As he was being driven along the waterfront at the end of the day, the crowd lining the road made way for a pizza maker. Although the popemobile did not stop, it slowed down enough for the flour-covered artisan to hand his pie to the pope. The Vatican did not release information on the pizza’s final fate.

During his morning meeting with residents of the city’s Scampia neighborhood, an area of poverty and degradation, an immigrant woman from the Philippines asked the pope to please remind people that immigrants are children of God.

“Have we reached the point where that’s necessary?” the pope asked the crowd. “Are migrants second-class humans?”

“They are like us, children of God,” he said. What is more, they are reminders that this world is not the permanent home of anyone and that “we are all migrants (moving) toward another homeland.”

“We are all children of God,” he said, “beloved children, desired children, saved children. Think about that. ”

The pope also insisted, loudly and repeatedly, that high unemployment rates, especially among youths, were a detriment to society and a failure of the current economic system and public policies.

The problem is not simply the poverty joblessness creates, he said, but the way it robs people of dignity and of hope for the future. “When one is unable to earn his daily bread, he loses his dignity,” the pope said.

“Tell me,” the pope told the crowd in Scampia, “if we close the door on migrants, if we take away the jobs and dignity of people,” what will happen? Corruption “is a temptation, it’s a slide,” he said.

Everyone has within them the possibility of being corrupted, of paying someone under the table or looking for easy cash, he said.

“Corruption stinks” like a decaying animal corpse, he said. “A corrupt society stinks. A Christian who allows corruption is not a Christian. He stinks, understand?”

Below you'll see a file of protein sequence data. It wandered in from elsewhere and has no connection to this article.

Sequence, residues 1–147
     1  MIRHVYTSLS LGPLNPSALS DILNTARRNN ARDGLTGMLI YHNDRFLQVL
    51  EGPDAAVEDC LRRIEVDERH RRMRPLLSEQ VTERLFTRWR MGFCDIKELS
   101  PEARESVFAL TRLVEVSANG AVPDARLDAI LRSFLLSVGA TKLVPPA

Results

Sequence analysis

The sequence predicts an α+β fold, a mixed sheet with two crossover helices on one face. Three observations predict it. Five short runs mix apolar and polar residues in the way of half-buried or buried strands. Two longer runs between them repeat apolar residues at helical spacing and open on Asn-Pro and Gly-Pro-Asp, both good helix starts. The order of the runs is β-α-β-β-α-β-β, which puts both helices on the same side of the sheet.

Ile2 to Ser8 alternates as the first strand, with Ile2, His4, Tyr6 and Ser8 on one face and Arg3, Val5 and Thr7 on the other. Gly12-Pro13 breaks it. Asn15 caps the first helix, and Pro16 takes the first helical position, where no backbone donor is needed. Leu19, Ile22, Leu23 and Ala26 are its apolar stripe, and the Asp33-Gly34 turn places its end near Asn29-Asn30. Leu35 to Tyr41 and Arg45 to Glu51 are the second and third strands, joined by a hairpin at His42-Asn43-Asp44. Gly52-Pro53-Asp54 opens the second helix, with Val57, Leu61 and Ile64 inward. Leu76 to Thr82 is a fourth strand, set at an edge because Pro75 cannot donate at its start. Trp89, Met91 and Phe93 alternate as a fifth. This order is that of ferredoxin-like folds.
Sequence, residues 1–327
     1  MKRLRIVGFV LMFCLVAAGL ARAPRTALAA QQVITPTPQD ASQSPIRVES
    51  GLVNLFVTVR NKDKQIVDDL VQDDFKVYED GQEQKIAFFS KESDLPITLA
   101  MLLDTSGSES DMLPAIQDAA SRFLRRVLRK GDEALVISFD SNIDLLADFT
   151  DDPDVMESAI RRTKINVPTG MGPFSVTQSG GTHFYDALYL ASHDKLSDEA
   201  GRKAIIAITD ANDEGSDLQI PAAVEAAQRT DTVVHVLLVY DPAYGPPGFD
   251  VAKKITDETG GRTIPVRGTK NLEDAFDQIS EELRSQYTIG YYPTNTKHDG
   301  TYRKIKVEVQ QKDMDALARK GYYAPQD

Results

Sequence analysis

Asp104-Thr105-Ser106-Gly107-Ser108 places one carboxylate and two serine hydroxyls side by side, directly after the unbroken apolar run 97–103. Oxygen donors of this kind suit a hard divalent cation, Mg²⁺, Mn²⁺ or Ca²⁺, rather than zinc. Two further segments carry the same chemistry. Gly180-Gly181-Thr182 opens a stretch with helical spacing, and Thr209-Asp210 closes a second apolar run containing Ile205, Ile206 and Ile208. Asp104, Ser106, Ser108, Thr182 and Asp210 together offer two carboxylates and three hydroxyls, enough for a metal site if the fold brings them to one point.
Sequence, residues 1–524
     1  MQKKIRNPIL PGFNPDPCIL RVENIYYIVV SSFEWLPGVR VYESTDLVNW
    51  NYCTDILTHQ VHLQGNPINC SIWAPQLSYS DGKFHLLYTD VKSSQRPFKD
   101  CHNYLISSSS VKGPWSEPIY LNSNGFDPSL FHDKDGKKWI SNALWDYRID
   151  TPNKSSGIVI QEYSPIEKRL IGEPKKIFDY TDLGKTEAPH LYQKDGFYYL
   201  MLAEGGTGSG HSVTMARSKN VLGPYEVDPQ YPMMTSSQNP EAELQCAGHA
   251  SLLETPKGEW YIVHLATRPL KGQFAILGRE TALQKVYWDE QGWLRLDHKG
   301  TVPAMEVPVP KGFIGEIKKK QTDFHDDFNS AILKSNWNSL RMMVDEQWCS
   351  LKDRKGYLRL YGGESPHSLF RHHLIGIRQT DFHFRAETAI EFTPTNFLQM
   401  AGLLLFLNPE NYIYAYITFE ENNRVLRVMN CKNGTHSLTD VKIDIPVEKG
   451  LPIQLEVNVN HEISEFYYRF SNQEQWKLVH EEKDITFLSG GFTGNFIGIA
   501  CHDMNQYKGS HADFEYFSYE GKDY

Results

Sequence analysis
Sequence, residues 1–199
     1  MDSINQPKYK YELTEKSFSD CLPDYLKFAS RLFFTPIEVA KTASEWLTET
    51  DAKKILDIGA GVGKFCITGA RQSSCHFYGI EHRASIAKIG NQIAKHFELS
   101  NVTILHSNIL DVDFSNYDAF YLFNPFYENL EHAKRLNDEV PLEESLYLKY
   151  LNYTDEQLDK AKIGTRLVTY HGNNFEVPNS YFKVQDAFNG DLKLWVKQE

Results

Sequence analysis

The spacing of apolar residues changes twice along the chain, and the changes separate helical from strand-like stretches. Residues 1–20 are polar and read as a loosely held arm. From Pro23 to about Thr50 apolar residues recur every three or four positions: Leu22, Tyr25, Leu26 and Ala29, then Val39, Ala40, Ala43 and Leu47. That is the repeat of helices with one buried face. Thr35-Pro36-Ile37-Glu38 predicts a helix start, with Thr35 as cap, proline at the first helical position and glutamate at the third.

Later, addressing mafia members and other criminals during his homily at Mass, the pope said: “Humbly, as a brother, I repeat: Convert to love and justice. Let yourself be found by God’s mercy.”

“The tears of the mothers of Naples, mixed with those of Mary our heavenly mother,” also are pleading for the corrupt to change their ways, he said. “These tears can melt the hardness of your hearts and lead everyone back to the path of goodness.”

After Mass, Pope Francis went to a local prison, where he had lunch with about 100 prisoners, who had been chosen by lottery. They reportedly included 10 people from a prison block set aside for inmates who are homosexual, transgender or HIV-positive.

Although he had prepared a speech for the inmates and prison staff, the pope set it aside and spoke informally, telling the prisoners that everyone has made mistakes, but the important thing is to make amends, get up and try to live a better life.

The first saint in Christianity, he said, was a condemned thief, the one who was crucified alongside Jesus and asked him, “Remember me when you come into your kingdom.” Jesus’ response to him was, “Today you will be with me in Paradise.”

Ending the day with young people and the elderly, the pope admitted to being “really tired” by the day’s busy schedule.

He joked with a woman identified only as Erminia, who told him she was 95 years old.

“If you are 95, I’m Napoleon,” he told her.

Pope Francis denounced the “hidden euthanasia” of withholding medicine from the aged, “not giving them care, making their lives sad” and allowing them to die alone.

He told people with elderly parents to make an examination of conscience about how often they phone or visit their parents, and he told everyone to remember that when it comes to how they treat the aged, “you will reap what you sow!”

Angelo and Caterina Russo, who direct the Naples archdiocesan family life office, asked the pope’s advice for dealing with the current crisis in marriage and family life.

Pope Francis said, “I don’t have the recipe” for changing the situation, but he is convinced that October’s world Synod of Bishops on the family could be a start for the church. He also denounced “gender theory” for undermining marriage by creating confusion about what it means to be a man or woman.

Without a solid upbringing and education in the meaning of love, marriage and family life, he said, even the best marriage preparation courses cannot create a Catholic husband and wife. It is not “like a language course: You’ll be spouses in eight lessons,” he said.